"150 Workers Die Each Day From Doing Their Jobs"
In 2012, 4628 workers were killed on the job, which made an average of 13 deaths a day, according to a new report from the AFL-CIO. An estimated additional 50,000 workers died from occupational diseases, or an average of 137 deaths a day. All told, an estimated 150 workers died each day last year due to working conditions.
The report notes that the fatality rate for people who died on the job hasn’t changed for the past four years, and the 2012 rate of 3.4 deaths for every 100,000 workers was about the same as the year before. Latino workers are at the highest risk of dying on the job, with a rate of 3.7 per 100,000 workers and 748 killed in 2012, although their rate has fallen by 38 percent since 2001.
There were also a reported 3.8 million injuries and illnesses related to work in 2012. But the report notes, “Due to limitations in the current injury reporting system and widespread underreporting of workplace injuries, this number understates the problem,” and estimates that the real number is probably two to three times bigger, somewhere between 7.6 million and 11.4 million.
The estimated cost of all job injuries and illnesses from medical expenses and lost productivity comes to somewhere between $250 billion and $350 billion a year.
One growing problem is not just accidents, but violence. More than 800 people were killed on the job from workplace violence in 2012 and 24,610 suffered serious injuries. This problem falls disproportionately on women workers, who suffered two-thirds of those injuries. Homicide was the leading cause of death for women who died on the job in 2012, accounting for 28 percent of their fatalities. Still, men were at a much higher risk of death on the job generally, accounting for 92 percent of fatalities.
The state with the highest fatality rate in 2012 was North Dakota, whose 17.7 per 100,000 workers rate was the highest ever recorded for the state and one of the highest ever recorded for any state. It’s more than five times the national average. The fatality rate has also been on the rise, more than doubling since 2007, and the oil and gas boom may be a big reason. The fatality rate in the state’s mining and oil and gas extraction sector is 104 per 100,000 workers, more than six times the national rate for the industry. Even so, the industry nationally has one of the highest fatality rates at 15.9 per 100,000 workers.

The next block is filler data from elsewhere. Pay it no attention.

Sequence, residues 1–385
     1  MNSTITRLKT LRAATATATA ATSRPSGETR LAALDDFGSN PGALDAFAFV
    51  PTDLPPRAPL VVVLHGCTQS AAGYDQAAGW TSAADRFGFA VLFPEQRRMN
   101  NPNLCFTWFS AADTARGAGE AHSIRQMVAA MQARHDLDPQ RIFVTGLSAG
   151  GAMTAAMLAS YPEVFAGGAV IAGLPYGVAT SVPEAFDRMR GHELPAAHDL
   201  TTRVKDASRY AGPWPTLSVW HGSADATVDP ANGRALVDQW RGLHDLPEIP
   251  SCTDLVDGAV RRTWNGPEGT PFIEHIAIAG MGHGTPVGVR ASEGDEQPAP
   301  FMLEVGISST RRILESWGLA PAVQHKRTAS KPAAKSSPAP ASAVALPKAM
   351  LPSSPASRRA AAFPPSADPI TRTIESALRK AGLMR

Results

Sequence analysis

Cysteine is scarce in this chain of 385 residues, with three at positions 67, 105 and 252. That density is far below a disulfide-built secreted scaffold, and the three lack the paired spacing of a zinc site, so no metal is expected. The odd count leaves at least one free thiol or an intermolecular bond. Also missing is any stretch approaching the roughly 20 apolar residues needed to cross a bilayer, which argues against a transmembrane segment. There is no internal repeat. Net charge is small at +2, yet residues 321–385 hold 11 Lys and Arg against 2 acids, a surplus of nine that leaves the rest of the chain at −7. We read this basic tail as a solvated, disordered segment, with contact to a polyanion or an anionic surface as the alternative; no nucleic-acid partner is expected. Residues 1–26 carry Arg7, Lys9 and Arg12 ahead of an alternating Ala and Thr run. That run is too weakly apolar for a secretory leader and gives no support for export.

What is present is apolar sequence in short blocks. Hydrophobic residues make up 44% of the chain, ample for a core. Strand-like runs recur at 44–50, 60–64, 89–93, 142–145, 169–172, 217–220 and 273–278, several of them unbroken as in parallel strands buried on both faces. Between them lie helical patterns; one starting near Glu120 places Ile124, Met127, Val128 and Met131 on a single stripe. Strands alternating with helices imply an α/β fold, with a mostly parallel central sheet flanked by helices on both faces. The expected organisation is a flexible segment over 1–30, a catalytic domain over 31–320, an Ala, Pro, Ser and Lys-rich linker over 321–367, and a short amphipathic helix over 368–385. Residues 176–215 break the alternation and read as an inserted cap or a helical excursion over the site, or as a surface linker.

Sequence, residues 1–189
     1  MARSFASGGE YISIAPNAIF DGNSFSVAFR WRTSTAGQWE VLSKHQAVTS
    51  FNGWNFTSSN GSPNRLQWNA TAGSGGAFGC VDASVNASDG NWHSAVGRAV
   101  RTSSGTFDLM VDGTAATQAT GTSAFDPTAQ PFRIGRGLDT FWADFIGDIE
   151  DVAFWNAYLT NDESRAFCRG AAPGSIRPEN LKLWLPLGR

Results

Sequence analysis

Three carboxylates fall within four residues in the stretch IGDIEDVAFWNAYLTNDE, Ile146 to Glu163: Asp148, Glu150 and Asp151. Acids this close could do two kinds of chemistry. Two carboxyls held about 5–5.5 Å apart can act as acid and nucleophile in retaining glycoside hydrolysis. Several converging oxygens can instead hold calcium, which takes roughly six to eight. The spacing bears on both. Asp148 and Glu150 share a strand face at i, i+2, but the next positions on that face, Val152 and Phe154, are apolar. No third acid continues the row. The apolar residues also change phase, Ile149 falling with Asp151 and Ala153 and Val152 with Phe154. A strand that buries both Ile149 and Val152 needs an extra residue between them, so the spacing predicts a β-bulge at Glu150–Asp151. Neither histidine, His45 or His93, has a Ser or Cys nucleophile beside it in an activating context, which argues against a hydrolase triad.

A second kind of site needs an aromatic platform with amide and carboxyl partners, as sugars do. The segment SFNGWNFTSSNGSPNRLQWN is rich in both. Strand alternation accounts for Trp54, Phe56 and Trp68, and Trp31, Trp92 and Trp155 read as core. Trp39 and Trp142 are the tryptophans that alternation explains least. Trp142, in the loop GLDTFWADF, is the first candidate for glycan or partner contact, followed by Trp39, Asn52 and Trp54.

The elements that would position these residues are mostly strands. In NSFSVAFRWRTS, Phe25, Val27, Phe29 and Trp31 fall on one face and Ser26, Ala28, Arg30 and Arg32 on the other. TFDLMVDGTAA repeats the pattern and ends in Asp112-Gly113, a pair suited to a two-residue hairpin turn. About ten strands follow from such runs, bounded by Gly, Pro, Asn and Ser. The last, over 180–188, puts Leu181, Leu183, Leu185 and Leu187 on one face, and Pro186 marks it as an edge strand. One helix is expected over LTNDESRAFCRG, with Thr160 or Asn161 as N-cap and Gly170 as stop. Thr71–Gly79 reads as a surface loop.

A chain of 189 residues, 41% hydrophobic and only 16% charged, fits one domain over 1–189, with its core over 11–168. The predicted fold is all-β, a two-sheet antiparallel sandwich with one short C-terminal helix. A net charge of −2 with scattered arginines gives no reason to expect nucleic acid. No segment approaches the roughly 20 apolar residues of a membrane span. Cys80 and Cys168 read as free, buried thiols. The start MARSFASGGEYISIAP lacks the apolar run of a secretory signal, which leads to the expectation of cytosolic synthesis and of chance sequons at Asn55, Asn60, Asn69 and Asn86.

There are federal agencies that are tasked with ensuring safety in the country’s workplaces, particularly the Occupational Safety and Health Administration (OSHA). But the report notes that given that the agency has 1,955 inspectors to visit the 8 million workplaces under its purview, a workplace will only see a federal inspector once every 139 years on average and a state one every 79 years. There’s currently one federal or state OSHA inspector for every 67,847 workers.
This problem is easy to see in some of last year’s deadly accidents. A West, Texas fertilizer plant that exploded and killed 14 people that hadn’t been inspected by OSHA since 1985. A Louisiana chemical plant that exploded, killing one and injuring 73, hadn’t been inspected in two decades. A grain plant that exploded and killed one person had never been inspected.